Skepticism about science and medicine

In search of disinterested science

All vaccines are not the same; some are worse than useless

Posted by Henry Bauer on 2015/07/02

I am not among those who question the value of all vaccines on principle. I don’t doubt the value of vaccines in controlling smallpox, measles, polio. I do question the use of adjuvants and preservatives in vaccines, and I do think it makes sense to vaccinate babies against measles and the rest in single shots administered over a period of time instead of all at once in multiple vaccines.

But it gets difficult not to over-react as Big Pharma concentrates on generating vaccines that do more harm than any good that has ever been proven.

It seems that Big Pharma has been running out of new diseases to invent (see Moynihan & Cassels, Selling Sickness: How the World’s Biggest Pharmaceutical Companies Are Turning Us All Into Patients and other works listed in “What’s Wrong with Present-Day Medicine”) and has been turning increasingly to inventing vaccines supposed to guard against old or new infections.

The expected but not forthcoming “swine flu” epidemic led to rapid invention and marketing of a vaccine that turned out to have nasty “side” effects, for example, “How a swine flu shot led to narcolepsy”.

Gardasil and Cervarix, anti-HPV vaccines claimed to prevent cervical cancer, are a scandalous illustration; see for example “Merck Dr. Exposes Gardasil as Ineffective, Deadly, Very Profitable”  and related links. The only suggestion that HPV causes cervical cancer — or rather, that 4 out of four or five times that number of strains of HPV cause cervical cancer — comes from a correlation: those strains have often been found in women who have cervical cancer.

But correlations never, never, never prove causation, no matter that too many medical “experts” ignore this well established, long established fact.

I’ve become all too cynical about Big Pharma, lack of regulation, conflicts of interest, and the like. Yet I was taken aback to find that the National Institutes of Health profit from royalties from sales of Gardasil, and that there are exemptions to the Freedom of Information Act that enable them to hide that fact and the amounts involved.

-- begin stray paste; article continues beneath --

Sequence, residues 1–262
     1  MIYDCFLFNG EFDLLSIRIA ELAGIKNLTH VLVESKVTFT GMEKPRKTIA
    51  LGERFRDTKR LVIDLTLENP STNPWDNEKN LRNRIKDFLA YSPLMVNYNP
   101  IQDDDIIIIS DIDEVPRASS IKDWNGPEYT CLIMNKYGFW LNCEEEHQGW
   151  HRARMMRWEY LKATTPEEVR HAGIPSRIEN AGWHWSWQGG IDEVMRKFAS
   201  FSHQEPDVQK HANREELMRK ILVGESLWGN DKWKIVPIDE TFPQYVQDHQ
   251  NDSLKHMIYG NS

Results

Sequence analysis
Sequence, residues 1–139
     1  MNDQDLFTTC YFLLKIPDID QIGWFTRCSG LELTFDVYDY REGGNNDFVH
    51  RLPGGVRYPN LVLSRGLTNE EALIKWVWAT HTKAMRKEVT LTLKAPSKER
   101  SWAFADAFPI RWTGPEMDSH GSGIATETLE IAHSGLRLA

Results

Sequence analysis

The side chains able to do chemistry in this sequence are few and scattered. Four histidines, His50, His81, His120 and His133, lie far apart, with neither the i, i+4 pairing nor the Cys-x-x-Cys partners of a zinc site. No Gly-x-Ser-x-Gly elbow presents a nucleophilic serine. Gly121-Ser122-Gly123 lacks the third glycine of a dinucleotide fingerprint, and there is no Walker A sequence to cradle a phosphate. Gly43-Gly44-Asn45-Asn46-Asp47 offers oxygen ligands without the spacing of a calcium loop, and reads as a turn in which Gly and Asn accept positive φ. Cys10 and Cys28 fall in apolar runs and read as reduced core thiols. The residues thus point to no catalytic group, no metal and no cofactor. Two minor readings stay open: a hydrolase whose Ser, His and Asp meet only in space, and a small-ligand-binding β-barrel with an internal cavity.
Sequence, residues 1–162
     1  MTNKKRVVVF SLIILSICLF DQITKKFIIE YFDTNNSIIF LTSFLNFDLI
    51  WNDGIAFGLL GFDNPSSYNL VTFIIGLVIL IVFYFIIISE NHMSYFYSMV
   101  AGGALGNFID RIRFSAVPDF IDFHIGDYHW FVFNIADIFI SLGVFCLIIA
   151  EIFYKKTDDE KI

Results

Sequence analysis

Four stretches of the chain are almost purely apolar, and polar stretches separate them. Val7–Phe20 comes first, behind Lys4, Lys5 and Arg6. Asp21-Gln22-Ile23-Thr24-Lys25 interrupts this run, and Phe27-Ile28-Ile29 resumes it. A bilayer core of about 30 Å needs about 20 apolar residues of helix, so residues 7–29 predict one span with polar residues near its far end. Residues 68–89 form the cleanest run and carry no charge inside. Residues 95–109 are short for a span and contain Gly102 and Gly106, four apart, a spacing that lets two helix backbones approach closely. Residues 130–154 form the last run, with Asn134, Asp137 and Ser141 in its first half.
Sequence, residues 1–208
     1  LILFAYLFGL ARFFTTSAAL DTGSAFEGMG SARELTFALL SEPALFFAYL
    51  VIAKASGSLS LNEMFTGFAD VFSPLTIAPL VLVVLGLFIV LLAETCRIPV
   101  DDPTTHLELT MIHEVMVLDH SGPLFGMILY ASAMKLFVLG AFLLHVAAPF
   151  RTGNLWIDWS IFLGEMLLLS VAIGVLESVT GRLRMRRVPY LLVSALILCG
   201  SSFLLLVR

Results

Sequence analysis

7 Responses to “All vaccines are not the same; some are worse than useless”

  1. Vortex said

    Many (if not actually most) people appear to have a sad – and sometimes dangerous – tendency to perceive the world as pairs of black-and-white, mutually exclusive dichotomies. This is especially obvious in the area of medical controversies, where one can watch an ongoing warfare between two social movements, the adherents of pro-corporate scientism (such as CSICOP or Quackwatch) and the followers of anti-corporate “natural health-ism” (Natural News is the prime example). Despite the diametrically opposite views of these communities, there is some traits they have in common – the sense of complete self-righteousness, demonstrative intolerance to other stances, tendency to demonize and dehumanize opposition, habit of vocalizing categorical and simplistic proclamations.

    The vaccine debate is an easy example of the extreme polarisation of views in medical debate. Pro-corporate “skeptics” automatically interpret anything produced by mainstream science and technology as benign and uncritically believe mainstream pronouncements. So, they always praise all vaccines and denounce each and every critic of them for “promoting anti-science”. Oppositely, anti-corporate “natural health practitioners” are automatically suspicious of mainstream medical products and uncritically mistrustful of mainstream positions. Because of it, some of them accept the literal “anti-vaxxer” position – they reject all vaccines as “unnatural” and dangerous.